Gary D. Robertson
RALEIGH, N.C. - Charlonda Brown, a single mother in Goldsboro, North Carolina, says she only wants for her boys what any parent wants: the best possible education.
With 4-year-old son Julian diagnosed with Erb's palsy, leaving him with only one working arm, Brown already pays more than $700 out-of-pocket every two weeks for his physical therapy. Unhappy with local public school options, she'll gladly accept state help toward paying for private school and services if it's awarded to them next year.
North Carolina has three taxpayer-funded school-choice initiatives, all created by the Republican-controlled General Assembly since 2013, and Julian could benefit from all three. None of the money — up to $21,200 annually — would go to waste, his mom said.
"I'm just trying to level the playing field for him," said Brown, whose 14-year-old son already gets a public tuition scholarship for low-income students.
More than 30 states now offer some assistance for parents to send their children to private or religious schools or to pay for outside services. Wisconsin, Indiana and Florida are among the leaders, and President Donald Trump's administration is seeking to expand vouchers. But North Carolina, where Democrats prevented such programs for decades, has quickly jumped near the head of the class.
"I wouldn't say that North Carolina is a pioneer but it's also, I would say, ahead of the curve," said Jason Bedrick, policy director at EdChoice, a school choice advocacy group.
There's deep division over whether that's a good thing.
The GOP legislature last summer created the "Personal Education Savings Account" program, so starting next fall parents of 300 children with autism, brain injury and other disabilities could receive up to $9,000 a year. The money goes on a debit card to the parent to pay for private-school tuition, educational therapies or certain equipment.
Nearly 7,000 students benefited last year from North Carolina's first two programs: grants for special needs children and "Opportunity Scholarships" for children from low-income families. Under current law, close to 35,000 of the scholarships would be awarded annually by 2027.
Program opponents say the savings accounts take money from public schools that districts can't afford to lose. Little time was offered for legislative debate about the savings accounts this year. There's no published study yet comparing academic outcomes for students in the North Carolina programs compared to public school students.
"There's no accountability to the taxpayers that these programs are actually producing what they're supposed to," said Leanne Winner with the North Carolina School Boards Association. "I don't know of another state that has put these many options, programs on the books as quickly as North Carolina has."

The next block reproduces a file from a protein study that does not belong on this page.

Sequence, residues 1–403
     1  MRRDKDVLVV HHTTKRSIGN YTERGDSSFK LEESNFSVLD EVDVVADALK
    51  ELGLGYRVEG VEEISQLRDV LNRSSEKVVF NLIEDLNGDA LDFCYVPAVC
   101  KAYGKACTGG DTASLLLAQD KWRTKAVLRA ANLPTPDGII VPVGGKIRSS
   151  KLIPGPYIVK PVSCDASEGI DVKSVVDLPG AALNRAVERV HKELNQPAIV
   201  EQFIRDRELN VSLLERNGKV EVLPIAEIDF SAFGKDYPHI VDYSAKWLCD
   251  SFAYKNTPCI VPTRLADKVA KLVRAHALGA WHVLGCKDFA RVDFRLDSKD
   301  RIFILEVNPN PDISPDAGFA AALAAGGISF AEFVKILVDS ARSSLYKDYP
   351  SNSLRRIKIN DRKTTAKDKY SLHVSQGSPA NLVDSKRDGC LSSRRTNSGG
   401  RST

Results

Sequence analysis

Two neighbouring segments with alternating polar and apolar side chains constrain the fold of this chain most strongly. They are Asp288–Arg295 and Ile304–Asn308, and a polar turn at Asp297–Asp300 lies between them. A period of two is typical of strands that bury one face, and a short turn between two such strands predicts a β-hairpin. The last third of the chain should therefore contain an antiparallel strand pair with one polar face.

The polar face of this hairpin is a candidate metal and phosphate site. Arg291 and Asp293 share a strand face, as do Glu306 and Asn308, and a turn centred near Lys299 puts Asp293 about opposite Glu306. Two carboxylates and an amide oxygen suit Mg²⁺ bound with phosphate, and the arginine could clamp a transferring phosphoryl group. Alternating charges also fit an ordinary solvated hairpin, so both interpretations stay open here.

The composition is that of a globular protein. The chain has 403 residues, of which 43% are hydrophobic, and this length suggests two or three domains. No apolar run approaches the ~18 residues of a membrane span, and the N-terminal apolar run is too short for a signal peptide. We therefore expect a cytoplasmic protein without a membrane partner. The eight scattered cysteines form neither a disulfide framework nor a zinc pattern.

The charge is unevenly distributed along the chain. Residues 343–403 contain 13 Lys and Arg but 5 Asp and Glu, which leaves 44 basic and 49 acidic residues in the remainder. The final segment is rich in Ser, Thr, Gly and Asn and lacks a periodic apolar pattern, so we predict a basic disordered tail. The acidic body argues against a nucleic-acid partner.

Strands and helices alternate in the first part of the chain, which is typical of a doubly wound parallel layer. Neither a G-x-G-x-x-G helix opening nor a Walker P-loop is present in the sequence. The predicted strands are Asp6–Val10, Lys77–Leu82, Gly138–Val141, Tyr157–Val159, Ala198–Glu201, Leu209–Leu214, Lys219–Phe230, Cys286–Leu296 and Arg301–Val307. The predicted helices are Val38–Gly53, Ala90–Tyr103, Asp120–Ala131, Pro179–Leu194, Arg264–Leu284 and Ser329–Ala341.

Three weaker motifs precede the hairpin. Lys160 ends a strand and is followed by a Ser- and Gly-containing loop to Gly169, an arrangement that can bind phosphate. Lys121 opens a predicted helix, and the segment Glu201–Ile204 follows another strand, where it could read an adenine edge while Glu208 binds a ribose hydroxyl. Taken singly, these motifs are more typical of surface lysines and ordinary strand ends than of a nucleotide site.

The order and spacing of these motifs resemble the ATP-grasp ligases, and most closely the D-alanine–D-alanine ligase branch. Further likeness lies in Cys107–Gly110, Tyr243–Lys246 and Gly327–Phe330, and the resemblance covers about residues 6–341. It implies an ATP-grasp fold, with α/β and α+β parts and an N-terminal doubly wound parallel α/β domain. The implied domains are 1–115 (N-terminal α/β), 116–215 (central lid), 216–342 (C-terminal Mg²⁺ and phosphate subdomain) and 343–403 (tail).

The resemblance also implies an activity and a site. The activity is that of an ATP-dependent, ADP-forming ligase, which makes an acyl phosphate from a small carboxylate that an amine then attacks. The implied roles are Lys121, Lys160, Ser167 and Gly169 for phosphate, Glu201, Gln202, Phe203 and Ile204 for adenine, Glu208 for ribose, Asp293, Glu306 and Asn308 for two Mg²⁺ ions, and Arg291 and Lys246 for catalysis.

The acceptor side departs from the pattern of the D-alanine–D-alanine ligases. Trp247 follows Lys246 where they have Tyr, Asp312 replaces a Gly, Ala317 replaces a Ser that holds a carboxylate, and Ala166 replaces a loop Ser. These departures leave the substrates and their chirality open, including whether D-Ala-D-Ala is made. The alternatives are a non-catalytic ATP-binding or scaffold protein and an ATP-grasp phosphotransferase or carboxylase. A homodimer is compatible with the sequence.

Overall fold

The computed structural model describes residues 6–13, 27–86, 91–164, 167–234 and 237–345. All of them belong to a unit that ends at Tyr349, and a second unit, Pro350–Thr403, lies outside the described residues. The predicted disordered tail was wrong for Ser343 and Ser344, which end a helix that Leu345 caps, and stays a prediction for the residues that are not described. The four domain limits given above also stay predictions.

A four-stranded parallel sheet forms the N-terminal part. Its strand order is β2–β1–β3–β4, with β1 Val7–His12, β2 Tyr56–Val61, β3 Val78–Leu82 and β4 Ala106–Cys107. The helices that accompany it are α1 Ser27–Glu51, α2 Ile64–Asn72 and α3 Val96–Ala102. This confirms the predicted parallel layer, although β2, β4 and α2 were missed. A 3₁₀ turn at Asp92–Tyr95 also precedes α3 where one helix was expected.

The savings accounts' chief legislative sponsor says the likelihood of a child receiving money from all three programs is low. Still, Republican Sen. Michael Lee of Wilmington says the new accounts are designed so children with severe disabilities can obtain more funds to cover expensive services.
Lee, who also has a son with special needs, said it's difficult for every public school or district to help every child with disabilities across the severity spectrum. He's hopeful the accounts will encourage new service providers in non-metropolitan areas help more children become productive adults.
"Getting them to reach their potential — whatever that means — is so important, and I think we as a state have the obligation from an education perspective to do that," Lee said.
Parents frustrated about their children's experiences in public schools and legislators seeking to trim spending find the accounts attractive, said Sam Abrams, a Columbia University professor. But such spending increases the risk that profit-minded private providers will cut corners educating a child, he said.
"You are trusting the individual providers that they're doing what they say they are going to do," said Abrams, director of the National Center for the Study of Privatization in Education.
Five other states also have passed laws creating savings accounts. Lee said North Carolina learned from missteps of other programs, such as Arizona's, blamed for lax oversight and improper spending of funds by parents before improvements were made.
Further choice expansion in North Carolina could stop if Democrats regain General Assembly control. The North Carolina Association of Educators and its Democratic ally, new Gov. Roy Cooper, oppose education vouchers, but legislators overrode his veto of the budget containing the savings accounts and increased Opportunity Scholarship money.
It will be difficult to eradicate the programs, which have found support among some black Democrats who want to give constituents an alternative to chronically failing public schools. Demand for the two current programs outstrips available money. More than 200 people attended savings account informational meetings in November.
"This is an extension of public education," said Darrell Allison with Parents for Educational Freedom in North Carolina, which lobbied to create all three programs. "We're really tapping into a demand here."